The habitat for RTBV is confined to rice cultivars, specifically Oryza sativa and Oryza sp. RTBV is restricted to vascular tissue and is found in sieve tubes of the plants. Many issues contribute to Tungro, specifically on the availability of the virus sources, population and composition of the vector, age and susceptibility of host plants, and synchronization of the three factors mentioned.
Life cycyle of the green leafhopper in a rice field(Courtesy of Cereal Knowledge Bank via http://www.knowledgebank.irri.org/default.htm)
The insect acquires the virus by feeding on the plant for a short time in an 8-hr acquisition access period (minimum of 30 minutes). It can transmit the virus immediately after feeding. Either or both viruses can be transmitted during a 1 hour inoculation access period (minimum of 7 minutes).

The virus does not remain in the vector’s body. After feeding on a diseased plant, the insect can transmit the virus for about 5 days and the longest is about a week. The insect becomes reinfective after re-acquisition feeding.

Once a plant is infected there is nothing tha can be done to save it. The virus will be passed along to the other plants i n the field via the vector.















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References

Anjaneyulu, Satapathy, Shukla. 1995 Rice Tungro. Science Publishers, Inc. Lebanon, New Hampshire. 1995. 228 pages.

Cereal Knowledge Bank. Rice Knowledge Bank. Tungro Accessed via http://images.google.com/imgres?imgurl=http://www.knowledgebank.irri.org/RiceDoctor/Seed_and_Grain_Symptoms/image194.jpg&imgrefurl=http://www.knowledgebank.irri.org/RiceDoctor/Fact_Sheets/Diseases/Tungro.htm&usg=__3wJYVX8IEv-LTEBoNdPKRXLHZzc=&h=334&w=506&sz=36&hl=en&start=13&um=1&tbnid=ntUe17eJNOoCYM:&tbnh=86&tbnw=131&prev=/images%3Fq%3Dplant%2Bi%2Bnfestation%2Bcycle%2Bof%2Brice%2Band%2Bgreen%2Bleaf%2Bhopper%26hl%3Den%26safe%3Doff%26rlz%3D1G1ACGW_ENUS321%26um%3D1 on 4/19/2009.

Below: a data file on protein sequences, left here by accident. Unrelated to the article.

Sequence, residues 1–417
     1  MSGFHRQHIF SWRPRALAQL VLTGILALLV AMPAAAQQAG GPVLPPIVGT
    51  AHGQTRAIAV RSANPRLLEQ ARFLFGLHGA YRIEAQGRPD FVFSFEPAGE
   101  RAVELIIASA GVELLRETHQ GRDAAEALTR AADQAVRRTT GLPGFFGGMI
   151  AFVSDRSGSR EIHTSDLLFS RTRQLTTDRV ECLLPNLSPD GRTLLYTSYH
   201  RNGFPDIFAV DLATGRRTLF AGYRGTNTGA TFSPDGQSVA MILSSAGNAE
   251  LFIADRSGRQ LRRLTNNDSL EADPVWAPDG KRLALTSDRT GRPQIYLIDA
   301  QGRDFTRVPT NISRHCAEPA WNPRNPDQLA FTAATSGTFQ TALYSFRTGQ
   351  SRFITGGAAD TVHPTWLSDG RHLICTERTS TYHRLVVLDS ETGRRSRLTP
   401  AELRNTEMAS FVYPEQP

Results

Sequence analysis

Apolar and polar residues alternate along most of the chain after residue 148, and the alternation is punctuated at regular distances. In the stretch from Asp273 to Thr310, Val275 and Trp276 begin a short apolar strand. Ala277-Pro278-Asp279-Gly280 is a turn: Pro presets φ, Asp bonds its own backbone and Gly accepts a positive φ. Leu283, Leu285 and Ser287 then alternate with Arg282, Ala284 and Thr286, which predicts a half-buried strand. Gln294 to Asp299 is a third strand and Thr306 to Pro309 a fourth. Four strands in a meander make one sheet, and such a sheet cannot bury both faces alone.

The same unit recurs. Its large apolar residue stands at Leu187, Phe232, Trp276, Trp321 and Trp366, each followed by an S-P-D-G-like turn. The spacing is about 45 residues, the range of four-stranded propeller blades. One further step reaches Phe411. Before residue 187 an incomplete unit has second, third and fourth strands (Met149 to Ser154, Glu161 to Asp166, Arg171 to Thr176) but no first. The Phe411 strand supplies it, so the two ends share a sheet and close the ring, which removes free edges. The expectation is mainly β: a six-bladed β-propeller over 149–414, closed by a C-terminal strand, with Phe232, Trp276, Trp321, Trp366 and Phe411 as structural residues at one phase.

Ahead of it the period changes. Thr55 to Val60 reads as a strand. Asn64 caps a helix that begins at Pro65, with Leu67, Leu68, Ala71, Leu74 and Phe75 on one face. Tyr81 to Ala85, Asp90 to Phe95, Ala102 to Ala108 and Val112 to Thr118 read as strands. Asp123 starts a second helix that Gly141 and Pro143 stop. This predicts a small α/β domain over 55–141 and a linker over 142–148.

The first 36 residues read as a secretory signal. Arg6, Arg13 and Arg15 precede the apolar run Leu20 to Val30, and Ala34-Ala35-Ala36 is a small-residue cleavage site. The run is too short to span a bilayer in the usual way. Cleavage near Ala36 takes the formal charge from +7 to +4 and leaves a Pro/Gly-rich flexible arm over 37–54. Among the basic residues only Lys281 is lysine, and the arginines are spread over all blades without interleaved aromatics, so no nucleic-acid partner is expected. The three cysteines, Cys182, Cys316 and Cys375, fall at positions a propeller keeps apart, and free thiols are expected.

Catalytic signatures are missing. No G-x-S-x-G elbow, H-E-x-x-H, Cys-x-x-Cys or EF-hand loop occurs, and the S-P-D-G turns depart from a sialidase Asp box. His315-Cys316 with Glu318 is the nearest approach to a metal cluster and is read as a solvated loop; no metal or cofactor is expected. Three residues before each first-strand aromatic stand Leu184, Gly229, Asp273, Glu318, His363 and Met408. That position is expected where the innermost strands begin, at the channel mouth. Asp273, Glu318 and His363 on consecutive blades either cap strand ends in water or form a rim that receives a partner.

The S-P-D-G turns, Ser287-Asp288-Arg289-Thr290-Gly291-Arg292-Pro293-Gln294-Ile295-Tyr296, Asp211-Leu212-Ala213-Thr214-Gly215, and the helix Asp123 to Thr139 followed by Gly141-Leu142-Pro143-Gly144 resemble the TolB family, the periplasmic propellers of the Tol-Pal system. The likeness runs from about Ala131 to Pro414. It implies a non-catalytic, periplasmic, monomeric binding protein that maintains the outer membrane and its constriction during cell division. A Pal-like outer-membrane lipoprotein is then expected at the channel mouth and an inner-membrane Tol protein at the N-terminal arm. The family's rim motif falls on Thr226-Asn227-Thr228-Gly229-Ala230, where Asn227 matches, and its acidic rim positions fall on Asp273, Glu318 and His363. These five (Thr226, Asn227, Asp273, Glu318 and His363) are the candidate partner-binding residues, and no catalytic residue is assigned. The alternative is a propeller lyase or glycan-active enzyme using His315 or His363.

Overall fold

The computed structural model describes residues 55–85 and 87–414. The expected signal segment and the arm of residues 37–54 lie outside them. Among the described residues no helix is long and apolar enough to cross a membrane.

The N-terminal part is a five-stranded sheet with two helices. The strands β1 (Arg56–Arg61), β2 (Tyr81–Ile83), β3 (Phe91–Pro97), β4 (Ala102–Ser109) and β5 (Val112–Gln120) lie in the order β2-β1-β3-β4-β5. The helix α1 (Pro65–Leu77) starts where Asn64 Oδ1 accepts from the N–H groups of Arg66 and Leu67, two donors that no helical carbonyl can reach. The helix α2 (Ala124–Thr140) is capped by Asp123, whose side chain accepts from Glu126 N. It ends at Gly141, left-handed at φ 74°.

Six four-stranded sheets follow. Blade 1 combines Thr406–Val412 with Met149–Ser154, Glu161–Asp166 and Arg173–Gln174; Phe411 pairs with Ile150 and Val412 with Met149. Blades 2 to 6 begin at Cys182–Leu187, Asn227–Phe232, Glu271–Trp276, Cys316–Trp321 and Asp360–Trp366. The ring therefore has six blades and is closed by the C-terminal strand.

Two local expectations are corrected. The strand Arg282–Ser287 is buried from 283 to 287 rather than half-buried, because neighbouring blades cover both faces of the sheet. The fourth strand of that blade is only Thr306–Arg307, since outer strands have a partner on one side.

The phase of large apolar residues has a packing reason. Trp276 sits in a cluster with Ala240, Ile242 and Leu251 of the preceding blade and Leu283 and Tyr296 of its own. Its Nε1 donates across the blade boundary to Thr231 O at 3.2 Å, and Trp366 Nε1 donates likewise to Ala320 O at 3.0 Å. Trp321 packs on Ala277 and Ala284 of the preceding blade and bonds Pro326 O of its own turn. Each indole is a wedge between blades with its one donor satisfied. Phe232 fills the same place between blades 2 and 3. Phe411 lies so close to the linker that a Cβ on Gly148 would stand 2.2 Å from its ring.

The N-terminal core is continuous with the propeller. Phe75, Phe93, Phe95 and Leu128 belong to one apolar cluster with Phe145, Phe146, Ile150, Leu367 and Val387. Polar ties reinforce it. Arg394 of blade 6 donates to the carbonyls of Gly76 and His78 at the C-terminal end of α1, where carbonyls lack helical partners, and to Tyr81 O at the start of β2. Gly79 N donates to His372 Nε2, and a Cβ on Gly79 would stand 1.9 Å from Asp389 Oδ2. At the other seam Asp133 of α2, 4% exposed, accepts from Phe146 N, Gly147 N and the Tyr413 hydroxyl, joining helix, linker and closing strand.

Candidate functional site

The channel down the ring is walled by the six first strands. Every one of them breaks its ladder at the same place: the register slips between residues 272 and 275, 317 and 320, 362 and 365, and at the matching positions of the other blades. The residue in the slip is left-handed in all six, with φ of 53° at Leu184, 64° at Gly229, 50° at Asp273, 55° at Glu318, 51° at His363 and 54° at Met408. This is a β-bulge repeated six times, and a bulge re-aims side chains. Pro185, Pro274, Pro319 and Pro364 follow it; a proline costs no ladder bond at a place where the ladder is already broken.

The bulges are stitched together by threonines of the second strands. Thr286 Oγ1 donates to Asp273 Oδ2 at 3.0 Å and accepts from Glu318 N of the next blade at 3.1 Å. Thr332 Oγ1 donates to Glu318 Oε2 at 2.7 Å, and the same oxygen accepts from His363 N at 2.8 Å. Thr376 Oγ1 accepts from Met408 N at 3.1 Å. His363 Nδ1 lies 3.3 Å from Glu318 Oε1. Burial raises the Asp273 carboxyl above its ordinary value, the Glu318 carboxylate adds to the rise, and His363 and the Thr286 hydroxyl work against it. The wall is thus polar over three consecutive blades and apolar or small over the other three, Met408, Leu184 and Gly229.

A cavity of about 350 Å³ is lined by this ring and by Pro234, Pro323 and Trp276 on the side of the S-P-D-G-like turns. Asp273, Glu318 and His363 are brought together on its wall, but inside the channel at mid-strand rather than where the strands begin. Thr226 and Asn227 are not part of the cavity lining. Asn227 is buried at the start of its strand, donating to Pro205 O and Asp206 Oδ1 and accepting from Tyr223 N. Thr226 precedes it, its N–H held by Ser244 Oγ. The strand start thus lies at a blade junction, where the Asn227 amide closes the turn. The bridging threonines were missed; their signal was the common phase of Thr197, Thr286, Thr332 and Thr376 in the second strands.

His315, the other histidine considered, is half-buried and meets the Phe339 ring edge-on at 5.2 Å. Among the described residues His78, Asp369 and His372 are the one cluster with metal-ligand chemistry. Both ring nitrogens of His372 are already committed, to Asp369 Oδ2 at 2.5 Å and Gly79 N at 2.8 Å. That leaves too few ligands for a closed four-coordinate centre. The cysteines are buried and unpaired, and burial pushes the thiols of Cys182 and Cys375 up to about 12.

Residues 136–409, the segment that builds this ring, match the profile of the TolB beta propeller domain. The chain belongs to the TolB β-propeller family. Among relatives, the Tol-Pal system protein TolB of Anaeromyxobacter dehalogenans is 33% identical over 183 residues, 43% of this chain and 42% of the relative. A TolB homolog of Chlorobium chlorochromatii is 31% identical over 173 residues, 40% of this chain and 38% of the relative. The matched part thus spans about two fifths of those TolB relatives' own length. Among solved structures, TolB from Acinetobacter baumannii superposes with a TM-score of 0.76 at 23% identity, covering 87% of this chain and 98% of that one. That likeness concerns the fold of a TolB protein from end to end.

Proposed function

Herdt,RW, Khush, E, Toenniessen, G. 1991. Research priorities for rice biotechnology. Rice Biotechnology. pp. 19-54, CABI, Wallingford, UK, 1991.

Hibino, Roechan & Sudarisman, Phytopathology 68: 1412, 1978.

ICTV. ICTVdB Decriptions. 00.015.0.04 Tungrovirus Accessed via http://www.ncbi.nlm.nih.gov/ICTVdB/ICTVdB/00.015.0.04.htm on April 14, 2009.

Kunii, M, Kandra, M, Nagano, H, Ulyeda, I, Kishima, Y, Sano, Y. 2004. "Reconstruction of putative DNA virus from endogenous rice tungro bacilliform virus-like sequences in the rice genome: implications for integration and evolution." BMC Genomics 2004 5:80

Marmey, P, Rjas-Mendoza,A, de Kochko, A, Beachy, RN, Fauquet, CM. 2005. "Characterization of the protease domain of Rice Tngro Bacilliform virus responsible for the processing of the capsid protein from polyprotein" Virology Journal 2005 2:33.

Molecular-biology.suite101.com/article.cfm/viruses. Accessed via http://Molecular-biology.suite101.com/article.cfm/viruses on April 16, 2009.

NCBI Taxonomy Database. Accessed via http://www.ncbi.nlm.nih.gov/Taxonomy/ on April 18, 2009.

Pooggin, MM, Ryabbova, LA, He, X. 2006. "Mechanism of ribsome shunting in Rice tungro bacilliform praretrovirus" RNA 2006 12: 841-850.

Saito, Y., Roechan, M., Tantera, DM and Iwaki, M. (1975). Phytopathology 65: 793

Staginnus, C, Richert-Poggeler, KR. 2006. "Endogenous pararetroviruses: two-faced travelers in the plant genome." Trends in Plant Science 2006 11(10): 485-491.

Tiongco ER, Sebastian LS, Bajet NB. 1998. Manual on virus and virus-like diseases of rice in the Philippines. Department of Agriculture Philippine Rice Research Institute, Maligaya, Muñoz, Nueva Ecija. 18 p.

Tyagi, Y, Rajasubramaniam, H, Rajam, MV, Dasgupta, I. 2008. "RNA-interference in rice against Rice tungro bacilliform virus results in its decreased accumulation in inoculatedrice plants" Transgenc Research 2008, 17:897-204.

Yin, Y, Zhu, Q, Dai, C, Lamb, C, and Beachy, RN. 1997. "RF2a, a bZIP transcriptional activator of the phloem-specific rice tungro bacilliform virus promoter, functions in vascular development" EMBO J. 1997 September 1; 16(17): 5247–5259.

Author

Page authored by Trung Lam and Mark Lebednick, students of Prof. Jay Lennon at Michigan State University. A Viral Biorealm page on the family Rice tungro bacilliform virus